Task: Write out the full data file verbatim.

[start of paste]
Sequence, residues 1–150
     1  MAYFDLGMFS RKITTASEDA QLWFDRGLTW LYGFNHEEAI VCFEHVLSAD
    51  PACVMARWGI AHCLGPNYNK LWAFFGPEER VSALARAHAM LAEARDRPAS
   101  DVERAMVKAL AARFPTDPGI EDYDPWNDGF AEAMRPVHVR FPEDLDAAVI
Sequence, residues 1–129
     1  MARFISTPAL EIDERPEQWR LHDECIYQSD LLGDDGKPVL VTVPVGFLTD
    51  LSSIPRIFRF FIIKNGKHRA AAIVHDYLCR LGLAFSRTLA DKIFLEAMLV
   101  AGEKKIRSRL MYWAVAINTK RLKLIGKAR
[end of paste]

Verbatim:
Sequence, residues 1–150
     1  MAYFDLGMFS RKITTASEDA QLWFDRGLTW LYGFNHEEAI VCFEHVLSAD
    51  PACVMARWGI AHCLGPNYNK LWAFFGPEER VSALARAHAM LAEARDRPAS
   101  DVERAMVKAL AARFPTDPGI EDYDPWNDGF AEAMRPVHVR FPEDLDAAVI
Sequence, residues 1–129
     1  MARFISTPAL EIDERPEQWR LHDECIYQSD LLGDDGKPVL VTVPVGFLTD
    51  LSSIPRIFRF FIIKNGKHRA AAIVHDYLCR LGLAFSRTLA DKIFLEAMLV
   101  AGEKKIRSRL MYWAVAINTK RLKLIGKAR